My laptop is now falling apart. It's a Dell Inspiron 8100. I bought it when I was fortunate enough to be able to afford it. After two years of (ab)use, it now has the following problems:
- The two batteries I bought with it no longer hold their charge. One doesn't even work any more, and the other powers the computer for about 2-3 mins before dying. However, if I can get from my current power point to another one within 2 minutes, I don't need to shut it down! Replacement batteries are around 200quid each, which is beyond my current budget. So, despite having wireless everywhere I go, I'm still tethered to a wall, and use in fields, cars, trains and aeroplanes is out of the question (lucky I've got an iPAQ, I suppose).
- The power adaptor plug that plugs into the back of the laptop is beginning to get ruptured and goes to battery . I had to replaced the whole mains adaptor (for about fifty quid, IIRC) last year after the same thing happened. Unfortunately, if someone knocks the laptop, and/or I don't notice it go from 'mains' to 'battery' power, it dies. This is kind of my own fault, as I'm always moving my laptop around and not making sure the power cord isn't trapped somewhere, so it's been stretched and bent around probably more than it should. More easily replaceable (and universal) power connectors (that don't require replacing the whole adaptor) would be nice.
- Worse still, the keys are starting to stick and fail. I regularly have to take off the keyboard and blow out all the dust, hair and biscuit crumbs with an air hose. The letters have mostly all worn off the keys, which I remedied by buying some stickers for the keys (which have now started peeling at the corners). Nearly half the left 'Ctrl' key has snapped, luckily not the part that allows it to operate. The metal springs that work the carriage return and backspace keys seem to have been bent somehow, and take some striking. I've lived with all this until recently, when my 'H' key has started to become temperamental. Again, it's because of the serious amount of use it gets. It's my daily workhorse, and evening hacking tool. I spend more time on my laptop than in any other pursuit in my life, so it's not that surprising it's worn out. Using an external keyboard with a laptop just feels *wrong* for some reason.
- If the laptop is placed on an uneven surface (e.g. my lap), the rubber mouse thingy in the middle of the keyboard thinks it's being moved and the mouse cursor glides itself to the side of the screen. Luckily, that mouse has stopped functioning altogether, leaving me with the touchpad mouse, which I can get on fine with. It's a shame they stopped doing the rollerball mice - they were fantastic.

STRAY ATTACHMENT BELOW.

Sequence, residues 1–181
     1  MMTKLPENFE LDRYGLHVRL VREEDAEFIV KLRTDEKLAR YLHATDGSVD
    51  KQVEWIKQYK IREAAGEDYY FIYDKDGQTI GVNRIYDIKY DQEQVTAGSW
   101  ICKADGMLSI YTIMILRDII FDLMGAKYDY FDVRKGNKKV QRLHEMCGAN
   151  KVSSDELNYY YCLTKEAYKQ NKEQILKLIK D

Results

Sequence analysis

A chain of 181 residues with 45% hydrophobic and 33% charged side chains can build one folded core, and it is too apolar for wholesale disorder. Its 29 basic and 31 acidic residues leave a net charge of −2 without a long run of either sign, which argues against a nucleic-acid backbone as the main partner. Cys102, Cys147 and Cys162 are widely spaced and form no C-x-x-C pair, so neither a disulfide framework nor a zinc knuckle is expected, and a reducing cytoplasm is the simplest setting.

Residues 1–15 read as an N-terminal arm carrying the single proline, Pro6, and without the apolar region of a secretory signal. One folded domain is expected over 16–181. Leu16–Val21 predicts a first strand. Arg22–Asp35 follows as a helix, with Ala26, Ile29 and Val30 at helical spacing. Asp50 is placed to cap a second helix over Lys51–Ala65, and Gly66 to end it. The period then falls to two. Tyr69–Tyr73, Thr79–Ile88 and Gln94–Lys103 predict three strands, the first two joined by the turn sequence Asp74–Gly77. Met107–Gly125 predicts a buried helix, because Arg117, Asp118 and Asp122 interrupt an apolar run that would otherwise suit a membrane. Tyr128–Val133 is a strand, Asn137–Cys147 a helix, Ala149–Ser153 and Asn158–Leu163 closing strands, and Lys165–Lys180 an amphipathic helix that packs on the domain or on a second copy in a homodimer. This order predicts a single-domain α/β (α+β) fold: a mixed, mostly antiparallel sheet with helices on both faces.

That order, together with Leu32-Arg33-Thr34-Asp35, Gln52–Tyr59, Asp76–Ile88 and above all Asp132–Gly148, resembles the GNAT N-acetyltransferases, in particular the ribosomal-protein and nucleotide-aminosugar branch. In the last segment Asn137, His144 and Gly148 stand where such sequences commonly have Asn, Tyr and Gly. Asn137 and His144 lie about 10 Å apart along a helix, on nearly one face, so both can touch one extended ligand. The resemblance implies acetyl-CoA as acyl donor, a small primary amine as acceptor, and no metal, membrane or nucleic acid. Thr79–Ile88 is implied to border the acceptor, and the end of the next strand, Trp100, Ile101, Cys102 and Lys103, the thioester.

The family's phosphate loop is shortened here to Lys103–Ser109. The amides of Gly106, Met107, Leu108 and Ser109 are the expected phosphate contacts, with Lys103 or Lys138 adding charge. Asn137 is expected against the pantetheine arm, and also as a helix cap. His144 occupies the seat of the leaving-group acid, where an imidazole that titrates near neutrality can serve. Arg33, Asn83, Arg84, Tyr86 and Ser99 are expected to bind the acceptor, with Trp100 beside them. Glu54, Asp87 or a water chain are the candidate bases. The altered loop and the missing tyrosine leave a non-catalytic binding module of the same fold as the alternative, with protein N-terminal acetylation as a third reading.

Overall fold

- The screen is a fantastic 15.4" 1600x1200 LCD panel. Unfortunately, it started becoming temperamental about 8-9 months after I bought it, and I had to send it back to DELL to be fixed. Meanwhile, I went to Thailand, and after it was fixed, sent over to me and finally cleared Bangkok customs (never again!), I found that it has some strange vertical stripes that happen in every even 10th of the screen from left to right. They come and go, and are only noticable by a brightening of the color in some lines on that part of the screen. It looks hardware-related to me, but I've learned to live with it (not worth sending it back again). Oh, and I've lost a tiny screw at the back, which means the screen comes away from the laptop on the left if picked up by the screen (not that I ever do that!).
- NVidia - wankers. I have been deprived of any kind of 3D acceleration, because of these twats. I was looking forward to flying (and hacking on) FlightGear, and playing some other Linux games that require 3D acceleration, but eventually had too many technical (and moral) problems using the binary-only driver, so I gave up and used the open source version without 3D (more work, less play - maybe NVidia is to blame for Johnny becoming a dull boy). Needless to say, my next laptop will not have an NVidia chipset in it.
Otherwise, I've been very impressed with the laptop, and it's done me very well. However, every day I use it and get vexed with the increasing number of problems, I am considering my next laptop purchase. I see a lot of GNOME hackers getting on famously with the Apple hardware, and dual-booting MacOSX with Linux, which could be very interesting. However, I'll have to see how long I can make this one last, as it'll probably still be a few months before I can afford anything more than a budget PC. Either way, before I buy this time, I'll want to be very sure about proper (non-proprietary) Linux support for all the components it is made from.